I think that if I had woken up some distance down an embankment when I was driving my Discovery but not towing, I could have avoided getting on to the track. I would first of all have turned at about 45 degrees to continue at a slightly reduced speed due to the reduced gradient. When I reached the bottom I also think that I could have turned again to run parallel with the track.
The Land Rover driver who caused the Selby Rail Disaster was an experienced professional tower of trailers and would be even more familiar than I am with the dangers resulting from turning whilst towing such a heavy trailer with over run brakes. He kept the outfit going straight on as I would have done. Trying to turn would have been a worse option as at the time the train was not in view.
The police spent an enormous amount of time testing the trailer that survived the disaster intact, as the train only collided with the Land Rover. The police proved that the trailer met the requirements as laid down by parliament. If their tests had shown otherwise the man may have been given a lighter sentence or even acquitted.
It has been about two years since I wrote my report for the ITAI and I now think that the police should have run additional tests on the trailer as it may have been possible to show that although it did comply with the law, it could possibly be demonstrated that it was dangerous to turn same in such a situation. This would mean, (if demonstrated in the tests), that the trailer was a subsidiary cause of the accident and that this may have given rise to a different verdict/sentence or a “Rider” concerning over run brakes. (Roll bars are common in vehicles used for off road events, as is the use of full safety harness, so non professional testers should be well protected).
This is very much the “Science of Hindsight” many years after the event. I do not think that at the time of the crash any serious doubts had been raised concerning over run brakes. The brake actuating mechanism was first introduced about 1929 and at the speeds most trailers were pulled at in those days I am not surprised that few problems showed up. It is since the development of fast roads and the increase in the popularity of recreational towing that concern about caravan/trailer safety has increased.
If the defence solicitors had seen any evidence that this was the case I am sure they would have insisted that the matter was investigated.
I do not wish to suggest that the police or any one else reopen this case in court.
However, I do think that all road users will wish to have this matter evaluated if the hypothetical case I have outlined above fits the layout of the embankment at the crash site. If there is not a match and it is felt that the gradient at the crash site is too steep for any evasive action to have been taken, I hope that tests will be carried out on a slope more typical of most embankments, as well as on flat tarmac roads in a testing site. (I am not proposing that a railway embankment is used, unless it is a disused railway and disused railways may have great numbers of trees and not be typical of those in use).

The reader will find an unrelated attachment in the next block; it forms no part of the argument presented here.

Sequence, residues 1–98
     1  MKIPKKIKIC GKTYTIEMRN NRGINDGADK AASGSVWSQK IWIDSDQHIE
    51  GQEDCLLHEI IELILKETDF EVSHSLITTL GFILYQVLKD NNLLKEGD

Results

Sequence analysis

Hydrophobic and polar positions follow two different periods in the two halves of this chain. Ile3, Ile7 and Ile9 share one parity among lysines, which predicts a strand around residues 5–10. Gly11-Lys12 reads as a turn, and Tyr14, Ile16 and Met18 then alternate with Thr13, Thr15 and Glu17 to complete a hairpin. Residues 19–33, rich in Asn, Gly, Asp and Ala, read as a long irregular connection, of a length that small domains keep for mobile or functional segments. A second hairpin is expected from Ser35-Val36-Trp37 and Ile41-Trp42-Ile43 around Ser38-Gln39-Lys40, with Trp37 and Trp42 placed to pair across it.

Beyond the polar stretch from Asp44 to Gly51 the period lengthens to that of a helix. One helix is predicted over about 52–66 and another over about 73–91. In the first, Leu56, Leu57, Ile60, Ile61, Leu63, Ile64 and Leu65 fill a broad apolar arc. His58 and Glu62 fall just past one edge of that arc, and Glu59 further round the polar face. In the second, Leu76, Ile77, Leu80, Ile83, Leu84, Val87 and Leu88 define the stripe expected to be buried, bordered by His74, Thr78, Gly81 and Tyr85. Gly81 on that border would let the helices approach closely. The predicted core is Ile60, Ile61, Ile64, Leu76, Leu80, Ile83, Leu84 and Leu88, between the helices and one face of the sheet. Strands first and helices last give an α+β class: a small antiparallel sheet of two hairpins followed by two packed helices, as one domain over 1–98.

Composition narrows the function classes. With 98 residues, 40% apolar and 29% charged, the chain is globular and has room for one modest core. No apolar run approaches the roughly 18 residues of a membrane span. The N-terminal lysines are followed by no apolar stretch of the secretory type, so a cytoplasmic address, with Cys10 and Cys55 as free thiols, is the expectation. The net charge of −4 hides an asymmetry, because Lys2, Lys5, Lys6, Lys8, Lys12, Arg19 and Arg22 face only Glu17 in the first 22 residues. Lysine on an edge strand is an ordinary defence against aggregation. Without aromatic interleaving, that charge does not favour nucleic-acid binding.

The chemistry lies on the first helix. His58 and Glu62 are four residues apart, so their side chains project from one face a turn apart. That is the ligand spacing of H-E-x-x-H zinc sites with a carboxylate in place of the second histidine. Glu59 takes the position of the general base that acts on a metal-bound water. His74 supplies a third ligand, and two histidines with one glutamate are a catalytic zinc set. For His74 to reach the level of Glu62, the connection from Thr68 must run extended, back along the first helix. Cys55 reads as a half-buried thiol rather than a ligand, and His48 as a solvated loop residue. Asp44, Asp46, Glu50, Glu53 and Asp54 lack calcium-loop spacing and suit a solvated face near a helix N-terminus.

These results would also be available as evidence for future court hearings. The Police Accident Investigators could repeat the tests if they thought it necessary.

As far as I know Bath University were not asked to investigate over run brakes.

In my Blogs (see first reference above after main headings) there is a description of a jack knifing accident, and even though I only obtained my information from the TV news and Radio 4 news, I think there is enough to show that there is a serious problem with over run brakes in the case I quote.
Tests should also be carried out to replicate the swerve made by the driver in the above accident (a) using a trailer with over run brakes and (b) using a trailer with electric brakes.

Caravan, Trailer and HGV Accidents

July 7, 2009

Bath University Research on Caravans

January 23, 2009

Paragraph 31a

Peter W Jones MInstP

I am pleased to note that people are reading the Bath University Research to such an extent that Google have now placed this item almost as high as
The above is my brother’s attempt to run an internet newspaper.
He has only been working on this since he eventually gave up part time work at City University about 12 months ago.  He retired from his full time post as Senior Lecturer in Journalism some considerable time ago.

University of Bath

School of Mechanical EngineeringTHE DYNAMICS OF TOWED

An experimental study into caravan snaking

Final year project
submitted by Christopher J Killer
for the degree of MEng
of the University of Bath
23 May 2003

Assessor RFN

Supervisor JD

Technician PC


Peter W Jones.

The following are a few items of importance that I have pasted in. 



. This is manifested in the fact that nearly all snaking accidents involve caravans.



Caravans are the most numerous of the high aspect vehicles in this class


Extensive studies into articulated lorry dynamics have been done, but due to the hobby nature

of caravanning there has been little money or academic interest in this field until

relatively recently.


Friction yaw dampers were found to increase stability; they reduced the amplitude

of oscillation and hence reduced the settling time. However, it was shown that the

stabiliser could not contain unstable oscillations if the situation would otherwise

become unstable without dampers. This was due to limitations of the moments

generated by the stabilisers.


It was discovered that stability reduced with both speed and stability and towing